Demand for Apple's (NASDAQ:AAPL) latest product may be weaker than anticipated. Analysts at Pacific Crest lowered their estimate for Apple Watch sales, citing (among other factors) declining search volume. The Cupertino tech giant doesn't need the Apple Watch to be a massive success -- at least not this year -- but a disappointing reception could put pressure on Apple's valuation.
More people are searching for the iPod than the Apple Watch
Admittedly, it isn't the most scientific measure, but Google search volume can provide some insight into the buzz surrounding a product. "iPhone" emerged as a common search term shortly after its unveiling in 2007, and it has slowly grown in popularity over time. A chart of quarterly iPhone sales bears a striking resemblance to its search volume.
Apple Watch saw its search volume spike shortly after its unveiling last September, but has been on the decline in recent weeks. Notably, in May, "iPod" overtook it. As a product, the iPod has been in decline since 2008, and it could be discontinued at some point in the near future (Apple stopped breaking out iPod sales two quarters ago).
This observation, along with some supply checks and third-party data, prompted analysts at Pacific Crest to trim their Apple Watch sales estimates for fiscal year 2016. Previously, Pacific Crest had expected Apple to sell a total of 24 million Apple Watches, but now they believe it will only sell 21 million.
Apple Watch results will be bundled -- and concealed
Last October, during its quarterly earnings call, Apple's Investor Relations head Nancy Paxton announced that the company would be lumping Apple Watch sales in its "Other Products" category, alongside the iPod and Apple TV. Apple's CEO, Tim Cook, cited competitive reasons for its disclosure policy. Giving out exact sales figures, he argued, would benefit Apple's many rivals.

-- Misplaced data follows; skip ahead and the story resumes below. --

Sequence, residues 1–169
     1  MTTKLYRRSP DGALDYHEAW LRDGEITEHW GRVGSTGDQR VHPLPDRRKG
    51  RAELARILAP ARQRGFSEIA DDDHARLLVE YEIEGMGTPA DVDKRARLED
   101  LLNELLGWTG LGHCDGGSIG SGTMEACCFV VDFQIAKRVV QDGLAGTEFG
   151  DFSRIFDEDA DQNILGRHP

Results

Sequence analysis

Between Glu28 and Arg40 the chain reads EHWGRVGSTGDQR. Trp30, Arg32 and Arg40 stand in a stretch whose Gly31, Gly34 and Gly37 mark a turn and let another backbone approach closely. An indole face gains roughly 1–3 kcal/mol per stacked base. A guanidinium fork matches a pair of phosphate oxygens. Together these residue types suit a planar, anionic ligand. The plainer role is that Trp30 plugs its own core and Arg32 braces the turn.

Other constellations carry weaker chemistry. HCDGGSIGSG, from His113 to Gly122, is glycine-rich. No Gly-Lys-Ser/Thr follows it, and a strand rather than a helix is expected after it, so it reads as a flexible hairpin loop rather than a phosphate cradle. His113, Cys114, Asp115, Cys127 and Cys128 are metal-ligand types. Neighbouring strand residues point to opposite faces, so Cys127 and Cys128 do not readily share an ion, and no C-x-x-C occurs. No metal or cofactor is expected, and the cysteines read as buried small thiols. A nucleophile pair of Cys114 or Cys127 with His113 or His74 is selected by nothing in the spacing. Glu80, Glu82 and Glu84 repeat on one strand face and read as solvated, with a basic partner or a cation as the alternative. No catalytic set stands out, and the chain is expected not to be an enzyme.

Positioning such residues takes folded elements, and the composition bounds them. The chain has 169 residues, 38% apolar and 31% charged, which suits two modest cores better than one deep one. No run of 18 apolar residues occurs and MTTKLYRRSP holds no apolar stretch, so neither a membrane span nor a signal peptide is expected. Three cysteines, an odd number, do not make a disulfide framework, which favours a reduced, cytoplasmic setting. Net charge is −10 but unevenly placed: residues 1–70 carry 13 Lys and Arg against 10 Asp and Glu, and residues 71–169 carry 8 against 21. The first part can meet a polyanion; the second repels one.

Apple's competitors have been similarly coy: Shortly after it released the original Galaxy Gear, Samsung said it had shipped 800,000 units, but declined to give exact sell-through figures. It's possible Apple's management could offer similar color (for example, despite not breaking it out regularly, Apple offers up data on the Apple TV when it breaks particular milestones), but investors will have to wait and see. .
Reviews for the Apple Watch have been mixed. My Foolish colleague Evan Niu, a longtime fan of Apple products, returned his after just a few days of wearing it. The second- and third-generation Apple Watches should be much improved, but at least in its present state, it may not be capable of runaway success.
It's still all about the iPhone
As long as the iPhone business remains strong, Apple doesn't need Apple Watch. In fact, nothing other than the iPhone really matters for Apple -- record demand for the iPhone 6 and iPhone 6 Plus has propelled shares to new highs even as its iPad business has crumbled. And while Pacific Crest is cautious on the Apple Watch, they see even more upside for the iPhone: In June, they wrote that Apple could sell 50 million to 52 million iPhones in the third quarter, more than anticipated.
But Apple Watch remains a big deal in the sense that it's Apple's first major new product in five years. Even if the iPhone continues to generate billions, an Apple Watch flop could tarnish Apple's reputation for innovation, and threaten its multiple. Apple's current forward P/E ratio of 14 is far from excessive, but the last time Apple's reputation was called into question (early in 2013) it fell into the single digits.
That may not happen again, but investors should keep an eye on the buzz surrounding the Apple Watch.